Ted and Patricia, aged 67 and 64, respectively, live in Lake Forest, CA and are looking ahead toward retirement.
Both are still working, Patricia as a nurse, Ted as a truck driver. They like their jobs, but they’ve been at them for a long time and are tired of the stress and long commutes. They really want to quit working so they can spend more time with their children and grandchildren.
The two of them combined bring home a good income, but they expect it to drop substantially once they quit their jobs and begin living on just Social Security, Ted’s pension, and Patricia’s 401(k) that is currently worth around $160,000.
There home is currently worth around $580,000 and they have no desire to move. They love the home and want to remodel their bathrooms and upgrade a deck outside so it is even more enjoyable to live in. However, if they can’t significantly lower their expenses, they may be forced to downsize to smaller and more affordable home out of state.
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The only thing standing in the way of retirement is a mortgage principal and interest payment of $1,220.01 (they pay their property taxes and homeowner’s insurance separately). The loan is a 30-year fixed at 4.25% they’ve had since April 2010 and it currently has a principal balance of around $221,000. Though they have a low interest rate, the payment is enough to eat up one of their Social Security checks, which limits their ability to do fun things like travel to northern Nevada to see their children and grandchildren.
The following is a summary of the numbers we’re working with so far:
Both are in good health, but with 24 years left to go on the mortgage, they’re not sure they’ll pay it off in this lifetime at the rate they’re going. Ted doesn’t want to wait until he’s 93 to be free of his mortgage payment. They feel like they’ve got better things to be doing with $1220 every month than spending it on a mortgage they may never pay off anyway.
Their goal with the reverse mortgage is to eliminate the monthly mortgage payment so they have more money to fund their lifestyle and get about $20,000 out of their equity to remodel the bathrooms, rebuild the deck, and pay off a few miscellaneous bills. If there’s any money left over in the reverse mortgage, they’d like to use that to supplement their existing retirement assets.
The Results: A Nicer Home and the Ability to Retire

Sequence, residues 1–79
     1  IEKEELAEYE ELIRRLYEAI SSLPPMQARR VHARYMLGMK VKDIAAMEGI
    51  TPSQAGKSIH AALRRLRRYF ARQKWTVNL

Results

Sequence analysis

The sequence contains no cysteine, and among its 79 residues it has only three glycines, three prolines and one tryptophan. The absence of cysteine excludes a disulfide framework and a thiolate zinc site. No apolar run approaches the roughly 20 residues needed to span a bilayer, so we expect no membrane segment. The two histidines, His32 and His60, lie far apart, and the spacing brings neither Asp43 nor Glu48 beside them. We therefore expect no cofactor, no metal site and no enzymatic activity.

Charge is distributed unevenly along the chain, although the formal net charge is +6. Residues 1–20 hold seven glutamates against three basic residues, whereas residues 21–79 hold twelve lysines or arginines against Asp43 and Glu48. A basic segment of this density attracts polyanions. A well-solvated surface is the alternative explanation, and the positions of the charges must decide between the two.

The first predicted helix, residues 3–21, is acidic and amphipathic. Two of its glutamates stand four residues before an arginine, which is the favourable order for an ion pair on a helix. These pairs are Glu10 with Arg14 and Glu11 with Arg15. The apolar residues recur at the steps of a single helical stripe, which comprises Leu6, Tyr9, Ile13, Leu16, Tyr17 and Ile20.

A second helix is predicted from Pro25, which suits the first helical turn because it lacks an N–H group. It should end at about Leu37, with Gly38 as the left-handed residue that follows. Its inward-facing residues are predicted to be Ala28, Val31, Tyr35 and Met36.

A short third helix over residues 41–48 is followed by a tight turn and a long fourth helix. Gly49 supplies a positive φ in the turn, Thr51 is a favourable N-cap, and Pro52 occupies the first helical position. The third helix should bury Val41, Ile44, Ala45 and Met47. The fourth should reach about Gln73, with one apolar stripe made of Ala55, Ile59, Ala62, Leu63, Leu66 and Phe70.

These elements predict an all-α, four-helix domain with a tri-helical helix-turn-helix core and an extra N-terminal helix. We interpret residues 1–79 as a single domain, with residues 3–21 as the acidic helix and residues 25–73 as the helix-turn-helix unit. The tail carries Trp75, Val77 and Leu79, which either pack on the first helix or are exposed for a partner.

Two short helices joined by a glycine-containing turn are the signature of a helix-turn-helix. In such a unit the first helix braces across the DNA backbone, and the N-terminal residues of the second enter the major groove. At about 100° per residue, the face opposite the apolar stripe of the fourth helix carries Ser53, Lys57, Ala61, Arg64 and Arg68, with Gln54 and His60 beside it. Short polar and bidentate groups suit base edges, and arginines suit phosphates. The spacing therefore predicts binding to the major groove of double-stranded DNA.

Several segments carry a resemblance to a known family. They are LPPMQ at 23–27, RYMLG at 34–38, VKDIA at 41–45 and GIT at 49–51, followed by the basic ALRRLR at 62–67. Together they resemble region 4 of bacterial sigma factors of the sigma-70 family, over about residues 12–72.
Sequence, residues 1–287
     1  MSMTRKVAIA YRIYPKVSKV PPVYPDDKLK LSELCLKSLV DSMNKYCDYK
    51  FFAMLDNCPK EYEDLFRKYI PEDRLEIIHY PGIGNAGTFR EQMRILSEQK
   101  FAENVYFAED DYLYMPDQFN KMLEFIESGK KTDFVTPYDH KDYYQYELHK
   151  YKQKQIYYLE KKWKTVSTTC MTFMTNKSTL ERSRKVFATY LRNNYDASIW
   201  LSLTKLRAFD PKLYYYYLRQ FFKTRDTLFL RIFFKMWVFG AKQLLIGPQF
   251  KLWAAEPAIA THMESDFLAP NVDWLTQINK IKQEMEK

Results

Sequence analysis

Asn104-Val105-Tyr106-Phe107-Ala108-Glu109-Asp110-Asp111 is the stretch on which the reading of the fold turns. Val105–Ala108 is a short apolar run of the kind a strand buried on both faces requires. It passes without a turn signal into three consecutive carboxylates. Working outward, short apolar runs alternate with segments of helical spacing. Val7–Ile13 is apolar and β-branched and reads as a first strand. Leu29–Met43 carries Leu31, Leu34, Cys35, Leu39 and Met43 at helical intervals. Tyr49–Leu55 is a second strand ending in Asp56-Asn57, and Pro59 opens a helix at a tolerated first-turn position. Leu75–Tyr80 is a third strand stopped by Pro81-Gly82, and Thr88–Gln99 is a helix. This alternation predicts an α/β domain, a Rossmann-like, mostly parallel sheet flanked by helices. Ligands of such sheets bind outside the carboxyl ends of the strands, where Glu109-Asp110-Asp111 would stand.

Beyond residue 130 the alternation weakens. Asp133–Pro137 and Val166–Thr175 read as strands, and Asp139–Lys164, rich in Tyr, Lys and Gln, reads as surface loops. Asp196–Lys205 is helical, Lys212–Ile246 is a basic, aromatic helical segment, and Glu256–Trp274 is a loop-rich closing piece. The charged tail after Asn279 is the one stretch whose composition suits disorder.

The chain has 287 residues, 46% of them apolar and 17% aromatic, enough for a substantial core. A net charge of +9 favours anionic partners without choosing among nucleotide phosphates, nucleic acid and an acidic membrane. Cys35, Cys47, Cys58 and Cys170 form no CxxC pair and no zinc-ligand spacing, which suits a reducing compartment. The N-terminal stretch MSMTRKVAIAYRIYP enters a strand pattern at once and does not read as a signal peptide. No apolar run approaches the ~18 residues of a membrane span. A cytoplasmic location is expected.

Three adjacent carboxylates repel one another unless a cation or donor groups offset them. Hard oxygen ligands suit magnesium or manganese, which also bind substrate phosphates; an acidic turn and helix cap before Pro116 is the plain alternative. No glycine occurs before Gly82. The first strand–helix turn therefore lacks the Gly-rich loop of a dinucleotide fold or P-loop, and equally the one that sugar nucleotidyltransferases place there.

Based on Patricia’s age (she’s the youngest) and a home value of $580,000, Ted and Patricia qualify for a benefit amount of $287,000 after closing costs. The first $221,000 of that is used to pay off their existing mortgage balance, which leaves them another $66,000 to use for other purposes. Of that, they’ll take $20,000 at closing as a lump sum and leave the rest on a line of credit for use in the future.
Let’s summarize what the reverse mortgage has accomplished for them:
- Elimination of $1,220 mortgage payment. Getting rid of the mortgage payment means they’ve eliminated $15,000 per year from their expenses, which means they are now able to quit their jobs and retire. Over a 26-year period, that adds up to $380,000 of their income that would otherwise have been spent on mortgage payments.
- New bathrooms and deck. After paying off the mortgage, Ted and Patricia were able to extract $20,000 from their equity to completely redo their bathrooms and deck, which helps make their home a more enjoyable place to live for many years to come. They’ve also paid off a few credit card balances that were a headache, which increases their monthly savings even more.
- Increase in available retirement assets. Instead of just the 401(k) (which is taxable), Ted and Patricia now have a tax-free $46,000 line of credit as well. In one shot, they’ve increased their available retirement assets by around 28%. Even better, whatever money is available in the line of credit will automatically grow and compound larger over time with no limit. Assuming they receive a 5% growth rate, which is very reasonable for today’s market, the line of credit could grow to over $71,000 after ten years. After twenty years, it could be worth as much as $122,000. Ted and Patricia have effectively turned a portion of their equity into a tax-free retirement account that will automatically grow larger over time.
Making Possible What Was Impossible
Without the reverse mortgage, Ted and Patricia may have been stuck working for many more years or may have been forced to downsize to a smaller home. Instead, they’re able to stay in the home they love, eliminate a large payment from their monthly bills, get retired, and can do the projects around the house they’ve wanted to do for so long. On top of that, they have a larger retirement nestegg, which means they can enjoy their retirement with greater financial security for many years to come.
Case studies are based on real life scenarios but names, ages, locations, and other details have been changed to protect client confidentiality.